Breaking NewsFinanceNewsPolitics

Republicans Have Spent over $100 Million on Iowa Ads Ahead of Caucus

Republican candidates and the groups supporting them have spent almost $105 million on ads in the Hawkeye State, and that figure is only expected to increase, according to reports.

According to a breakdown from AdImpact, the pro-Haley Super PAC, the SFA Fund, has spent the most, dropping 3.3 million on advertisements across the state. Former South Carolina Gov. Nikki Haley’s individual campaign has spent $1.3 million.

Former President Donald Trump’s campaign has dropped short of one million in Iowa — $954.1k.

Two groups supporting Florida Gov. Ron DeSantis, Fight Right and Good Fight, have spent over $1 million in Iowa combined — $704.8k and $609k, respectively. DeSantis’s campaign, specifically, has dropped fewer than half a million on Iowa ads — $412.5k. That follows news of the other pro-DeSantis Super PAC Never Back Down actually backing down in Iowa, pulling all of its 2024 reservations not only in Iowa but New Hampshire as well following a series of major departures and internal drama:

Ryan Binkley, a Texas pastor who is also running in the GOP race, has spent $175.9k, and anti-woke businessman Vivek Ramaswamy, who is skipping the CNN debate ahead of the Iowa caucus, has spent $29.1k. Breitbart News revealed on Tuesday that Ramaswamy will be engaging in his own form of counterprogramming during the CNN debate, joining podcaster Tim Pool for a live audience show in Des Moines, Iowa.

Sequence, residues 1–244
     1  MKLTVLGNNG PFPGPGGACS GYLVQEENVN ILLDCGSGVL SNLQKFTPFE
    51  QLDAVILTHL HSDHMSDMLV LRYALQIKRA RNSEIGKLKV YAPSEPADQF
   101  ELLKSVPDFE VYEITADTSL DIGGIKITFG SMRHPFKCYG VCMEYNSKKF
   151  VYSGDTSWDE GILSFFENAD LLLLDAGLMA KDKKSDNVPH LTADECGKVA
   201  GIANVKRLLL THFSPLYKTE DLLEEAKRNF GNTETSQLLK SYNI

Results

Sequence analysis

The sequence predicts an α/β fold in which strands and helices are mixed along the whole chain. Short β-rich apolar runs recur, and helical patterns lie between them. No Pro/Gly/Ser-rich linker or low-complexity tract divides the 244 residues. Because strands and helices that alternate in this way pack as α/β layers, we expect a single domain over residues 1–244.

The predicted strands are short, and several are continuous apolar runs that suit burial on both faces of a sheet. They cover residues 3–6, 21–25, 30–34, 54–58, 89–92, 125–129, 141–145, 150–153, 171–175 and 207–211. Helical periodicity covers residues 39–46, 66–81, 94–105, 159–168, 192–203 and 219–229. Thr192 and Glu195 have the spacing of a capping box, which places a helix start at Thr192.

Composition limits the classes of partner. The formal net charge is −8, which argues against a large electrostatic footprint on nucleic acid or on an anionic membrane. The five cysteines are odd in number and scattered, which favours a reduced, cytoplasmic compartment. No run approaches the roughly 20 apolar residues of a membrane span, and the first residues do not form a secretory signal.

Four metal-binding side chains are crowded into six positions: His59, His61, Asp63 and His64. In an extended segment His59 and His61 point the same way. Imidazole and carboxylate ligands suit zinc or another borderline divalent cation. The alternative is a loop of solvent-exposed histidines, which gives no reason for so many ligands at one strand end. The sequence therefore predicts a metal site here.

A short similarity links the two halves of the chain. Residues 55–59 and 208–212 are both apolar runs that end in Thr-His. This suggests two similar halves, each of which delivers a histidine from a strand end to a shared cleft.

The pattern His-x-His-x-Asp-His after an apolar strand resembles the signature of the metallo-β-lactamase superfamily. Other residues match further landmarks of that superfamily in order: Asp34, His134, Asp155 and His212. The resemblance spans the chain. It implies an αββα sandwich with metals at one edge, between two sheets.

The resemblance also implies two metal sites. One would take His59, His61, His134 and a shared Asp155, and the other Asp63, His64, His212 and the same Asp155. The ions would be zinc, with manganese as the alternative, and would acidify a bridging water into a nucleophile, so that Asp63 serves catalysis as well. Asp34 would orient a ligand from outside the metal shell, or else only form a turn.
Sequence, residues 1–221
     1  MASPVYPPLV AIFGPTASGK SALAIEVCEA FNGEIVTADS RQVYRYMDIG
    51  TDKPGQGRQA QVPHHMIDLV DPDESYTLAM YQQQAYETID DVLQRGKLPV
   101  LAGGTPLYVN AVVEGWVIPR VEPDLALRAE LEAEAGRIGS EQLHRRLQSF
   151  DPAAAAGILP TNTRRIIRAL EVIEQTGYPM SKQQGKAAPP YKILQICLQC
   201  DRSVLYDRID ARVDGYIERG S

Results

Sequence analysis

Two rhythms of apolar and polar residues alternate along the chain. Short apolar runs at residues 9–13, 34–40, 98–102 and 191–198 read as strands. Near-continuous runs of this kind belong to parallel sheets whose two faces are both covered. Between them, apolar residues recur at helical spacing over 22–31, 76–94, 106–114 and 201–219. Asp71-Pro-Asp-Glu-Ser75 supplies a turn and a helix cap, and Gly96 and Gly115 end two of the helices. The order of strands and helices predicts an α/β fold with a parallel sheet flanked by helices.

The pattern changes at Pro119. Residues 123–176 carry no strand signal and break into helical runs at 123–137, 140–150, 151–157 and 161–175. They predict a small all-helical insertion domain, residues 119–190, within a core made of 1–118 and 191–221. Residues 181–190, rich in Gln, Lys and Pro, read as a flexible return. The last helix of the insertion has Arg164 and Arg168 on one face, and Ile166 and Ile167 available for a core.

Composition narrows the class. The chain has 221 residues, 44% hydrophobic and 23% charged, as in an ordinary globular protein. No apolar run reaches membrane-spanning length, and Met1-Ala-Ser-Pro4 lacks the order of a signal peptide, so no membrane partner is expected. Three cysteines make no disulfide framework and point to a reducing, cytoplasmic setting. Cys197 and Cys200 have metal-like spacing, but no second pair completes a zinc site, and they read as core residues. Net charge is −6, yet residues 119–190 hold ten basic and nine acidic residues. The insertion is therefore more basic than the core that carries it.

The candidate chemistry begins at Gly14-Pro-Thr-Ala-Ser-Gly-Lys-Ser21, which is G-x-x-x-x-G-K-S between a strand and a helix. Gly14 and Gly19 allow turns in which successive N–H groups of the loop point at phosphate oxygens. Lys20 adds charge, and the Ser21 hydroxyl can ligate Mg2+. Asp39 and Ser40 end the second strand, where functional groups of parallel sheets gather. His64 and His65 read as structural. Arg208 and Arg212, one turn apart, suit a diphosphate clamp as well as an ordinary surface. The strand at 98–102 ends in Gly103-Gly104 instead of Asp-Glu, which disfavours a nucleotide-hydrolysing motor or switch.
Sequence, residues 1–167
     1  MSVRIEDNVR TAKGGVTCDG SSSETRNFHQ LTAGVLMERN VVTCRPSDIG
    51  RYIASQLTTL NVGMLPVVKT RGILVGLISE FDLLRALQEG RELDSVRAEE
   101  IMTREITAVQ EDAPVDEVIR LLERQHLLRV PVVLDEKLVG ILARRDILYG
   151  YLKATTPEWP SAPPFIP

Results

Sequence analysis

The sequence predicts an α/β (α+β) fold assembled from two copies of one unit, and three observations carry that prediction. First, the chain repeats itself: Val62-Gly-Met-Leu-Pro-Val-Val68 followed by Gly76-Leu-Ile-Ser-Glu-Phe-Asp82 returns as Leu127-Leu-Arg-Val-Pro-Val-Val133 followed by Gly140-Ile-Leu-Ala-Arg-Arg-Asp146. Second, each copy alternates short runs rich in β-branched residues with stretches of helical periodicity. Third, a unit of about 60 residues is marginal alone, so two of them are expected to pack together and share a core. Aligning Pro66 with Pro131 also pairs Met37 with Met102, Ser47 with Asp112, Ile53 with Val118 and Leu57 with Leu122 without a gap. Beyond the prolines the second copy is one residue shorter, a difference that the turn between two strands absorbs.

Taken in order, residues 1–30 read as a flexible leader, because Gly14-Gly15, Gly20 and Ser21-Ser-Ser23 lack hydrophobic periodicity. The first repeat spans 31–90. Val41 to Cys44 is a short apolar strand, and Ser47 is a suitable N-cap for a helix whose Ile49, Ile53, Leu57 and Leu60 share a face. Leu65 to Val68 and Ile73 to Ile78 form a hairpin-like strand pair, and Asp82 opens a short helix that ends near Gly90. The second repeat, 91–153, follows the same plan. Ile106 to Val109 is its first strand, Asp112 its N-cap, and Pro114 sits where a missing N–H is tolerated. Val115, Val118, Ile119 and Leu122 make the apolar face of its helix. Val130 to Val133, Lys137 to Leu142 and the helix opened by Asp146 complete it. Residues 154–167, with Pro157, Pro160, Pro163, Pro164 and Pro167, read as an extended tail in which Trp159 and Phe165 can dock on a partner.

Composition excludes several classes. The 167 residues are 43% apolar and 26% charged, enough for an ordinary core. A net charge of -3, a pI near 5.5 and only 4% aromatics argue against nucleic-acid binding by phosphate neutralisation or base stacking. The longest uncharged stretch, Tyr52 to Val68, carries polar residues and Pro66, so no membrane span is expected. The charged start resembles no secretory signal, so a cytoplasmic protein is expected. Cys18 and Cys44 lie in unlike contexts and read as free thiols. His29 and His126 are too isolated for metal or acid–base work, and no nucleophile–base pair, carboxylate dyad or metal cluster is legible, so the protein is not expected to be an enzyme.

The expected advertising does not stop there, either, as candidates and their groups are expected to drop at least another $7.5 million before Election Day, which is less than two weeks away, Both Haley and DeSantis hope to finish strong in the Hawkeye State as they have both struggled to put a dent in Trump’s lead.

Tuesday’s results from RealClearPolling show reason for concern, as Trump leads by an average of 32.7 points in Iowa with majority support — 51.3 percent. DeSantis and Haley are neck and neck, separated by 2.5 percent with 18.6 points and 16.1 points, respectively. Everyone else falls into the single digits.


Related Articles

Back to top button